• Sierra Wellness: Records information from ID in their database, possible ID scan however contact was not forthcoming with details
  • Kanna: Wanted to scan my ID using unidentified device
  • Greenleaf: Wanted to scan ID and enter personal information into their database
  • Silver State Relief: Enters info from DL and scans
  • Reef: “We don’t take a photo scan of your ID, but it is our policy to scan it with a barcode scanner. This pulls your name, address, DOB, and DL # & expiration date into our database.”
  • Blum: “We collect name, date of birth and ID number. We just need to prove that you were over the age of 21.”
  • Mynt: Unknown: after long FB messenger conversation (the only way I could get any responses) little details are clear.  Last message was “all they need to do in the store is verify that you have a valid ID and are over the age of 21. No information is saved.”  That could be taken to mean only a visual inspection, but there is a lot of detail hidden in the phrase “valid ID”.
  • Blackbird logistics (the company that handles wholesale and retail delivery): They require you upload an image of your ID to their system, first person I contacted claimed it was required by law which is a lie.  When I called her on it, she backed off and said it was policy.  Eventually gave me to a ‘supervisor’ who claimed it was to assure orders are legitimate, which is a joke….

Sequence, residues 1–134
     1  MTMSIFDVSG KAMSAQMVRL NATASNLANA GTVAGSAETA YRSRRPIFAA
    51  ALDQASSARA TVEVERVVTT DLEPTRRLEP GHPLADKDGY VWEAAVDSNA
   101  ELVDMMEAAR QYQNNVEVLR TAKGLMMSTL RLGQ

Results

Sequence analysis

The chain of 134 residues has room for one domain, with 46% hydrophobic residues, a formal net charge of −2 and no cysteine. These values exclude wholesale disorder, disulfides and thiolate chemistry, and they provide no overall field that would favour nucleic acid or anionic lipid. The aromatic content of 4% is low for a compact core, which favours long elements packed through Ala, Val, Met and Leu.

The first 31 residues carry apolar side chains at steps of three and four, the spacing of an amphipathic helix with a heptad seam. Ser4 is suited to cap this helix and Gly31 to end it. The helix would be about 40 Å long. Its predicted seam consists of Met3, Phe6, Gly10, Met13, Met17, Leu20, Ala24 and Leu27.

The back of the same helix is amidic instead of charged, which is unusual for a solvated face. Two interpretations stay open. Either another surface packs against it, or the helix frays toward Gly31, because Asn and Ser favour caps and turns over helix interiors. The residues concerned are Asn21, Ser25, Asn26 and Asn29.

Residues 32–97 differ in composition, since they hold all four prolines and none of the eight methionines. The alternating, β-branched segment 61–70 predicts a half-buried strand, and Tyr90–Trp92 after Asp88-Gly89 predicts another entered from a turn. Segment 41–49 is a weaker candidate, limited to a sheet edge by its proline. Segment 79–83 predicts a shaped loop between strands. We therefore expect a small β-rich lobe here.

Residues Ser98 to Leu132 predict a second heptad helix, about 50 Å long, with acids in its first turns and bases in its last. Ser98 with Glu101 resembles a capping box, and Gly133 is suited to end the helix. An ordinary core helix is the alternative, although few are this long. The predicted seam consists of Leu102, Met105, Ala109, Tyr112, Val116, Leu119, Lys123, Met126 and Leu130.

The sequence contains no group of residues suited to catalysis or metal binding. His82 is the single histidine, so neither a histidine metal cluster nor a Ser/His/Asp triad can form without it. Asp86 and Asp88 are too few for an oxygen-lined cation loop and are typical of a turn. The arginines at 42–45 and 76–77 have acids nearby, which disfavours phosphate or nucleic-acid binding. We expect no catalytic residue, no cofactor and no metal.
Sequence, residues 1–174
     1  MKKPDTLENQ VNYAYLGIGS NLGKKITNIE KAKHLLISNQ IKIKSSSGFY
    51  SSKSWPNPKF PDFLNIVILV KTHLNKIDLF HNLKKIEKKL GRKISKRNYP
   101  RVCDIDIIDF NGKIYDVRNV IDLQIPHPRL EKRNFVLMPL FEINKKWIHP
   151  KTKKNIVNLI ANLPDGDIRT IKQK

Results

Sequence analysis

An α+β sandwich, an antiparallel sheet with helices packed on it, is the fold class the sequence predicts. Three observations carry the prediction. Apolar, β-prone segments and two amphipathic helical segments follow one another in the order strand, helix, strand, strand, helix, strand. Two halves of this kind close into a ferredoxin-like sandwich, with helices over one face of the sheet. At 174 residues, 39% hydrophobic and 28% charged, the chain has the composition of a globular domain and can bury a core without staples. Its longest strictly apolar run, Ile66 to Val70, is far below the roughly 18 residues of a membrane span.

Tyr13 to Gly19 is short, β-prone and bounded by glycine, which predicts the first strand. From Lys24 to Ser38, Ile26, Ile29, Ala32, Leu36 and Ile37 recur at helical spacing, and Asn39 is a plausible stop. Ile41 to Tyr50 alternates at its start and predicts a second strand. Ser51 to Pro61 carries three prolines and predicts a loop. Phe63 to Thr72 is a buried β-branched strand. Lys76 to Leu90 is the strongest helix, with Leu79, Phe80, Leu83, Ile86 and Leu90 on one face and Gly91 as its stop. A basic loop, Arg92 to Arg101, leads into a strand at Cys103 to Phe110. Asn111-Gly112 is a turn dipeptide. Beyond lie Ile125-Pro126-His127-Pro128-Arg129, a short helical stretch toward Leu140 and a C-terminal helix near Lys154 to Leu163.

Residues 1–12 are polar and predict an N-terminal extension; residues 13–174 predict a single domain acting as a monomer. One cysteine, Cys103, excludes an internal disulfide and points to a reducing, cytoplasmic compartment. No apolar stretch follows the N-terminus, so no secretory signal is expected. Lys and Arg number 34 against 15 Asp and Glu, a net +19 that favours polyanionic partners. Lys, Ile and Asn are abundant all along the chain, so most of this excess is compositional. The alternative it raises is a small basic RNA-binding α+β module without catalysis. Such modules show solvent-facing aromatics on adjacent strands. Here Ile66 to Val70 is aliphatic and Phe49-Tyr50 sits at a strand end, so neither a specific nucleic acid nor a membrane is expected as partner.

You can see that some are greedier than others, so far the least invasive seems to be Blum.

Why should you care?  Name and DOB are PII (Personally Identifiable Information) prized by data thieves.  What can someone do with your name and DOB and the fact that you buy cannabis?

  • Medical industry commonly uses name and DOB, with that someone can have full access to your medical history.
  • Some banks are still using name + DOB and address to identify customers (common at credit unions).
  • Some online services will allow you to reset your password with name and DOB.
  • Many court systems will give you arrest/criminal reports using just a name and DOB…
  • Name and DOB are powerful bits of information for social engineering attacks.
  • Blackmail by threatening to tell your employer that you purchase cannabis.
  • Threatening to turn you into the feds as a dealer, ever seen what happens when they raid the wrong house?

That’s just a short list, the more PII a bad actor has the more damage they can do.  Imagine what they can do with everything on your DL? Say for example you have a motorcycle endorsement.  How could that be useful?  Imagine a call to one of your relatives claiming to be a from a hospital, you’ve been in a motorcycle accident and they need a CC number to start treatment until they can verify your insurance.  These kind of social engineering scams work very well, the more PII they have the more effective the attack is.